Second — and this is minor, but it couldn’t be ignored — as great as this cast is, they’re far too old for the characters they’re playing. Fred Hampton was 21 when he was killed. Daniel Kaluuya is 32. Bill O’Neal was apprehended and recruited by the FBI at age 17. Lakeith Stanfield is 29. Deborah Johnson was 20 at the time of the movie. Dominique Fishback is 29. You can play it loose a bit with the ages when it’s within five years, but we’re talking close to a decade or more here. It’s easier to do this when you’re dealing with actors in their 40s or 50s playing people in their 30s, but when they’re kissing 30 (or over) and pretending to be a teenager? I’m sorry. There’s just no universe where I look at Lakeith Stanfield and say, “Oh yeah, I can buy 17.” And it’s not just so much the look of their actual ages, but that they play these characters with the maturity of someone their age, not as someone just out of high school or college. It’s not that big of a deal, because the quality of the performances far outweigh such a nitpick, but if there was ever a time to blow half the budget on the de-aging face tech, this was it.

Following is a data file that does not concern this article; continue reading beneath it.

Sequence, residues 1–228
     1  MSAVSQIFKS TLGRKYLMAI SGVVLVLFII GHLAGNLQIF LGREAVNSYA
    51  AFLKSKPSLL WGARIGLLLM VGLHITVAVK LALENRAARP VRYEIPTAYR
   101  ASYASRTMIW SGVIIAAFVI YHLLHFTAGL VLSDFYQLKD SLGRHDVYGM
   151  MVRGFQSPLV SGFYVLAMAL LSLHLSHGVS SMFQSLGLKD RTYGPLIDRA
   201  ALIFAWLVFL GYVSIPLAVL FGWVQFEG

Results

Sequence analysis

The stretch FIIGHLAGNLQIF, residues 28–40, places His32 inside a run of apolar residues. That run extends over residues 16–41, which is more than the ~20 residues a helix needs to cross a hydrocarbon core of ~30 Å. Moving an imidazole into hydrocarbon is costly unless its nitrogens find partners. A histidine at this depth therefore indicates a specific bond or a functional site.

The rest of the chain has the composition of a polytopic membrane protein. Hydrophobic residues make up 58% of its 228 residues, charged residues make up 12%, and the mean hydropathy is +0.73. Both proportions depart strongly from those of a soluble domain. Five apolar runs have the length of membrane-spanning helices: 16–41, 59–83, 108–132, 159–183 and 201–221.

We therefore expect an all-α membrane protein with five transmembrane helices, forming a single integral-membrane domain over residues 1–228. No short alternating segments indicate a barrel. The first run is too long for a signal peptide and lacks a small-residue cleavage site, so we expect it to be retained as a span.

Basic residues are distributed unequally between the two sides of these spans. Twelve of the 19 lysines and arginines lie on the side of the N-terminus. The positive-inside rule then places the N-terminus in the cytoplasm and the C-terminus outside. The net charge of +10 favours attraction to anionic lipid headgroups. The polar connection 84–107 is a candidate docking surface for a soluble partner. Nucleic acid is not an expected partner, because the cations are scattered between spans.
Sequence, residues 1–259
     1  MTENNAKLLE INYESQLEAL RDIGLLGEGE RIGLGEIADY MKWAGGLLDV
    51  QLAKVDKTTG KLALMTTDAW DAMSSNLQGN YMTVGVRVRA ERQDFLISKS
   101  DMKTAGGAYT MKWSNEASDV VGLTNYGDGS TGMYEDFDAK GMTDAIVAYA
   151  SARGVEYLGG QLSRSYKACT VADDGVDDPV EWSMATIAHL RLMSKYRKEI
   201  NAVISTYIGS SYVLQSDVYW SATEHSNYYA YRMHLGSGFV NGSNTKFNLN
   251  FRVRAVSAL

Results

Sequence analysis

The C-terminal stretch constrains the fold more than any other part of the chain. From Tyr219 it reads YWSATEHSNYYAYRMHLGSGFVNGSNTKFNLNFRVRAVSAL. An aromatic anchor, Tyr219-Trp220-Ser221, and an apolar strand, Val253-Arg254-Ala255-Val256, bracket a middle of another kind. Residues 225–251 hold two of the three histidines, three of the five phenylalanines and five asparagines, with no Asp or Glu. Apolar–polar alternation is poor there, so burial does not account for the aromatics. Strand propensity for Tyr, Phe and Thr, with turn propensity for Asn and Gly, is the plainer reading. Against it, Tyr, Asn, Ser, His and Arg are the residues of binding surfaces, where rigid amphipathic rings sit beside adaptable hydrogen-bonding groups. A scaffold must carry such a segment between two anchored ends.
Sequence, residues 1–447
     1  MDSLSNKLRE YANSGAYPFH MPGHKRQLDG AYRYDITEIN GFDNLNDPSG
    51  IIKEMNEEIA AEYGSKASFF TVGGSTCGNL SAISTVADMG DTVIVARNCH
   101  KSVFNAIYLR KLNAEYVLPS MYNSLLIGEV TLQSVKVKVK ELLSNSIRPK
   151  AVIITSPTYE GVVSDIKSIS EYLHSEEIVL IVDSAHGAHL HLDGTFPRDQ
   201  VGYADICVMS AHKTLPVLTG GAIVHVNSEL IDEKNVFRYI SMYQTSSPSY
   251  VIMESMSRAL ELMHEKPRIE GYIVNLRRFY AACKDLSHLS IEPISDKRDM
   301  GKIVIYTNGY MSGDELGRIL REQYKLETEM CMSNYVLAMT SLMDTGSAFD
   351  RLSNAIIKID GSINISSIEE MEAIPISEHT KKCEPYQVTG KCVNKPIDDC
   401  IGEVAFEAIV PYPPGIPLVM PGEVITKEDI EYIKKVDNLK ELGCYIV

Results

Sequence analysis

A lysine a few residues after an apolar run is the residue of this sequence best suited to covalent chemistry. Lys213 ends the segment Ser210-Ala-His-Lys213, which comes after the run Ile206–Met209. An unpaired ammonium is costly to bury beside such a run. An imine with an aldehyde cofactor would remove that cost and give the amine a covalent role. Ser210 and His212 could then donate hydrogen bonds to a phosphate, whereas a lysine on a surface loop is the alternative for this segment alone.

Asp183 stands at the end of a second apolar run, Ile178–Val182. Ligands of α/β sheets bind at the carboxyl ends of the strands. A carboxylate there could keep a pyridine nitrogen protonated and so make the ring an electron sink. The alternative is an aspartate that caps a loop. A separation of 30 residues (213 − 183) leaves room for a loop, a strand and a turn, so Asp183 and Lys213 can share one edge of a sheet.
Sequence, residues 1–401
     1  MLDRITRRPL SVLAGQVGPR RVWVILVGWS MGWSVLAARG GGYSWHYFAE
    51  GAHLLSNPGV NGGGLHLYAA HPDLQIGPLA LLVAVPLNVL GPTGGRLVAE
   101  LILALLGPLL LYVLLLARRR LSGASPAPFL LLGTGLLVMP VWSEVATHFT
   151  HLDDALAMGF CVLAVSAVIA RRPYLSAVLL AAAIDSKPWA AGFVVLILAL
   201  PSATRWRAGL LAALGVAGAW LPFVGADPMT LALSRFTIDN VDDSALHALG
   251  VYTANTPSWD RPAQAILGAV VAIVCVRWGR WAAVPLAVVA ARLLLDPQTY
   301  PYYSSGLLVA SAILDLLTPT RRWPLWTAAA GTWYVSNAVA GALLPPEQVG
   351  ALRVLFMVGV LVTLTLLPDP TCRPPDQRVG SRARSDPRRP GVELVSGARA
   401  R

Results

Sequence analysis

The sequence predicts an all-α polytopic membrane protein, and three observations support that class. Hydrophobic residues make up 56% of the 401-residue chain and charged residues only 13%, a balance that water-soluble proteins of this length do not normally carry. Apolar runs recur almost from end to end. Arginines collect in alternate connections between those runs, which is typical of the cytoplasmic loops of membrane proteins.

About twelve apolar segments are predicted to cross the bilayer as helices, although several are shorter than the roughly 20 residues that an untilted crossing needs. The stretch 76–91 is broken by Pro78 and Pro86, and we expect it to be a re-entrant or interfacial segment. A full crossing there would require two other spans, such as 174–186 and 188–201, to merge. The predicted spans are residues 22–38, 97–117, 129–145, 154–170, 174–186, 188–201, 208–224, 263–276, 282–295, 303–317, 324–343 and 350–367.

All the same, this is an excellent film, and well worthy of the awards buzz it’s getting (chiefly for Kaluuya, the screenplay, and for H.E.R.’s song “Fight for You”). Shaka King takes a simple yet compelling tale of a civil rights martyr and elevates it to an almost literal religious experience by leaning into biblical parallels. The main cast features four of the best actors working today and King lets them show off all their talents in a big way. The last year has seen the fires lit all over the country for a referendum on racial justice. If you’re going to keep the people’s passions inflamed, this is the way to do it.
Join the conversation in the comments below! What film should I review next? Who’s your favorite young actor? Have you ever taken to the streets for social justice? Let me know!
Originally published at http://actuallypaid.com on February 26, 2021.